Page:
Meanwhile, in Tal Afar, the government is using a similar tactic that is weakening the terrorist organizations. Thousands of local civilians are being hired for reconstruction jobs. American civil affairs units have been most aggressive with this tactic, developed and honed over the last two years. Even while the fighting is going on, civil affairs teams are noting what infrastructure is in need of rebuilding, or is getting damaged. As soon as Iraqi police declare a neighborhood pacified, hiring begins to help unload and distribute relief supplies, rebuild roads and electrical systems, and do any other jobs that need being done. Workers are paid daily, and given one more reason to stay away from the terrorist organizations. Not that a lot of unemployed Sunni Arabs need much encouragement there. By now, it's almost impossible to get volunteers to attack the Americans, and prices to hire people for that work keep going up. Shooting at Americans is seen as suicide, because not only do the Americans promptly shoot back very accurately, but they then come after you. The Americans have those damn little planes in the sky, the ones with cameras, making it difficult for attackers to hide or get away. It's much easier to attack Iraqi police or soldiers. But these guys are now wearing body armor, and will counter-attack as well. Worse, the Iraqi police will start questioning people in the area, put up roadblocks, and hunt you down. It's getting so hard to be a bad guy in Iraq.

September 14, 2005: Two developments are likely to lead to a marked increase in the number of terrorist attacks over the next few weeks.

@ Ramadan: the Moslem "Lent" begins around October 4th and ends about November 2nd In the past two years terrorist attacks increased greatly, by about 25 percent in 2003 and nearly double that rate in 2004. The targets were most often Shia mosques and holy places, crowded with worshipers, leading to a high casualty rate.

@ Constitutional Referendum: On October 15th Iraqis will go to the polls to ratify the new draft Constitution. Results are expected to be announced about two weeks later. In the past, elections for the provisional government and delegates to the Constitutional convention led to significant increases in the number of terrorist attacks.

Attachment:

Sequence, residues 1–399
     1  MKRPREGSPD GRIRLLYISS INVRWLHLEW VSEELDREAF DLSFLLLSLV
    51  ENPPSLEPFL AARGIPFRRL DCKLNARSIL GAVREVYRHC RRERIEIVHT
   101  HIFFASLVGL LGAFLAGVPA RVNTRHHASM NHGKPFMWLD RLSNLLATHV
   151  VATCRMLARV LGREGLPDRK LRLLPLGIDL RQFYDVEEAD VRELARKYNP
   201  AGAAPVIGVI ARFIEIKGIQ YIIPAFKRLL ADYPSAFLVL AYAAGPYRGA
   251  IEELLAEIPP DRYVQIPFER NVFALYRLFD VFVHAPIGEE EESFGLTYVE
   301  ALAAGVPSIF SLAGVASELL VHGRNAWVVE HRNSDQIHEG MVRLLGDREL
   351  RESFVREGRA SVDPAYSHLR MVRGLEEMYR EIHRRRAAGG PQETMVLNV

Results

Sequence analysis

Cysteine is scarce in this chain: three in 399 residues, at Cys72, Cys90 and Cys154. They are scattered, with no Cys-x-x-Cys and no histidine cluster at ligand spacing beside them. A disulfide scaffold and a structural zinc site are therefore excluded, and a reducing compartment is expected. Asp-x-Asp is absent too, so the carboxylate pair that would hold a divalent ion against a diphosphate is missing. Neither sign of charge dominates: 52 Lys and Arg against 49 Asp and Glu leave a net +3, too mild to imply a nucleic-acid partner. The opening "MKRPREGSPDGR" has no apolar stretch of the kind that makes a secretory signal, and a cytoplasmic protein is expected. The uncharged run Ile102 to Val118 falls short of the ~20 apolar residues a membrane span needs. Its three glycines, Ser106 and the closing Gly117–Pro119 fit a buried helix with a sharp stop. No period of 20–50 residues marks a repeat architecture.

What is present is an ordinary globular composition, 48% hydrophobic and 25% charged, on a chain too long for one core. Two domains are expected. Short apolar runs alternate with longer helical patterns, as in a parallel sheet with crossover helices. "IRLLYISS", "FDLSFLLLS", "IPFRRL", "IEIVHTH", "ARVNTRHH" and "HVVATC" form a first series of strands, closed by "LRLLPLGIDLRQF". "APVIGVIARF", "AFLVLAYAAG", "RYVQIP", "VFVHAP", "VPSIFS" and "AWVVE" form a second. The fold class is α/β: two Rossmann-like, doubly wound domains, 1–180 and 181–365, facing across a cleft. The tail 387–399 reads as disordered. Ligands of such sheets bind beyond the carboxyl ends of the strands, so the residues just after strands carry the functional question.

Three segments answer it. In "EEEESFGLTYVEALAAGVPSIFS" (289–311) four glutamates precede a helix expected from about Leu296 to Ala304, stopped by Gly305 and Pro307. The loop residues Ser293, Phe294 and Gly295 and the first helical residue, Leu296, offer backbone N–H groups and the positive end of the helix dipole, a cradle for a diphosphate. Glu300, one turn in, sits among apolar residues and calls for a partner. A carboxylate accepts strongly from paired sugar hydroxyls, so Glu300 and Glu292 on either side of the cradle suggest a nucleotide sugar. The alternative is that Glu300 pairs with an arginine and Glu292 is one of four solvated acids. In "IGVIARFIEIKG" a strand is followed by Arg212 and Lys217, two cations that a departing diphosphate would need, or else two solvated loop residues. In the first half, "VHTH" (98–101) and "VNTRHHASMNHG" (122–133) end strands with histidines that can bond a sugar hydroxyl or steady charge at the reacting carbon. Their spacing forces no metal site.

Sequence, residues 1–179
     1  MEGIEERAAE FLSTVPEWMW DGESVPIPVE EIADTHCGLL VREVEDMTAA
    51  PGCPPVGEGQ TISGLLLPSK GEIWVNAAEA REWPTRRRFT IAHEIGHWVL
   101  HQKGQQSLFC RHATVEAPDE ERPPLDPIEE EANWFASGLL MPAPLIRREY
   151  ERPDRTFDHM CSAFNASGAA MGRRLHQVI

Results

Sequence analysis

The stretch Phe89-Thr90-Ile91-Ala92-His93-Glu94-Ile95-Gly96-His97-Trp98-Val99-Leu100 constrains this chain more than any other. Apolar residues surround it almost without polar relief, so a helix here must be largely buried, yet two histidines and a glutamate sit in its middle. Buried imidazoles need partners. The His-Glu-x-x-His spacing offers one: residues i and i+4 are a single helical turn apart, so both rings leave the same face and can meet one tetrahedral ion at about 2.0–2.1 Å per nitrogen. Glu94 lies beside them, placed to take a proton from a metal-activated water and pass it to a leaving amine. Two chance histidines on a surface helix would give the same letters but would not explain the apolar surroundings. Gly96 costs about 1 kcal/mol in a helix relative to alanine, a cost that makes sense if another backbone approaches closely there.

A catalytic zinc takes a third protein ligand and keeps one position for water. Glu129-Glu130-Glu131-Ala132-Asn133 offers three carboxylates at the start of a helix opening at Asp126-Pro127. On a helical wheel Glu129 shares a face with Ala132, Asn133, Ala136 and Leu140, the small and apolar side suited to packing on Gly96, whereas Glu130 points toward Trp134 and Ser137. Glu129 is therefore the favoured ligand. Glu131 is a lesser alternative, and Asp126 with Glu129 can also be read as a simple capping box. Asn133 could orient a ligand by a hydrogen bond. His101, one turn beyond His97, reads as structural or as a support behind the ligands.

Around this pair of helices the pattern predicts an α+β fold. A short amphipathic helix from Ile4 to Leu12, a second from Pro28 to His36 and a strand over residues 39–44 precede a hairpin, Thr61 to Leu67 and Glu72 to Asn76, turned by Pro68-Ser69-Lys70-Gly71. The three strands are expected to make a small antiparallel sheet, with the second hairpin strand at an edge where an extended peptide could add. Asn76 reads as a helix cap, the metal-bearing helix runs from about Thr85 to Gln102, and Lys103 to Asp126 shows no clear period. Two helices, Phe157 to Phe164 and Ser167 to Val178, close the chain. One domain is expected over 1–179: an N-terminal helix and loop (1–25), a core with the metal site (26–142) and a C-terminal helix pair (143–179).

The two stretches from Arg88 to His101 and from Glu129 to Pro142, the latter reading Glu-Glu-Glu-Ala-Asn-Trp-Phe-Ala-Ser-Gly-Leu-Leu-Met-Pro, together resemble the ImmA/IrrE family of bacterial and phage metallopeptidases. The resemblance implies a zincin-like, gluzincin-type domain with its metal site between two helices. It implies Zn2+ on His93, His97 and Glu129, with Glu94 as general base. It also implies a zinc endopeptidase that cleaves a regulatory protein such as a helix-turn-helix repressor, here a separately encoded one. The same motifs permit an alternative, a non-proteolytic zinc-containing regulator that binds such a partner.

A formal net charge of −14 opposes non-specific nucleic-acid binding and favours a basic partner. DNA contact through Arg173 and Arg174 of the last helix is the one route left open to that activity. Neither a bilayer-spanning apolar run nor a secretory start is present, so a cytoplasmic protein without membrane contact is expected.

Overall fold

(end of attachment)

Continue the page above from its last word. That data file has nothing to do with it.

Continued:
@ Revenge for recent defeats along the Syrian border, where Iraqi and American troops have cleaned out several al Qaeda and Sunni Arab terrorist bases.

Coalition and Iraqi forces are being beefed up for the referendum, in an effort to insure greater security. Nevertheless, the level of violence is likely to rise sharply over the next few weeks. The referendum has already led to some interesting political developments. Sunni clergy are urging their followers to turn out in great numbers, in order to deliver a resounding "No" vote on the new charter. In contrast, most Shia clergy are urging their followers to vote "Yes," though dissident cleric Moqtada al-Sadr has instructed his followers to be prepared to vote, while reserving a decision on whether they should support or oppose the constitution until the last minute, apparently in an attempt to gain some political leverage.

Over the past year, Sadr has "reformed" himself somewhat, trying to project a more moderate image, which includes reaching out to some Sunni leaders, urging less violent resistance to the "occupation," and even changing his mode of dress somewhat. However, Sadr is also suspected of being in contact with anti-government Sunni Arab groups. Twice, Sadr has ordered his gunmen to attack Americans, and twice his gunmen have been crushed. But the last time, it was found that Sunni Arab terrorist groups had come to the assistance of Sadr's men. For this reason, Sadr is seen as a man more concerned with personal ambition, than what is best for his Shia Arab followers.

In the town of Tal Afar, after five days of fighting, terrorists were pursued through the streets by Iraqi police commandoes. Several terrorist gangs were trapped in Tal Afar, which is on the Syrian border. The terrorists stood and fought, but that led to some 500 of them getting killed or captured by American troops. Now, Iraqi police are going house-to-house to find those who have tried to escape by pretending to be unarmed civilians.

Despite all the fighting along the Syrian border, American casualties in the last two weeks have been half of what they've been the last few months. The number of terrorist attacks is way down, and more of the combat operations are being conducted by Iraqi troops.

September 11, 2005: Many border crossings to Syria were closed in the last few days, as American and Iraqi troops continued making raids against terrorist groups in the area. The government banned any civilians from openly carrying weapons in the area, and those who did so anyway were arrested. There was some resistance, resulting in some 150 anti-government gunmen killed over the weekend, and several hundred suspects arrested. Several caches of weapons and bomb making materials were found, along with documents, computers and other equipment. Much of the action was in the town of Tal Afar, which several terrorist gangs had tried to use as a base. The escalating attacks on terrorist groups in Sunni Arab areas has led to a decline in terrorist attacks throughout central Iraq.

I have completely forgotten where I got this from or who wrote this. If you recognize it, please email me.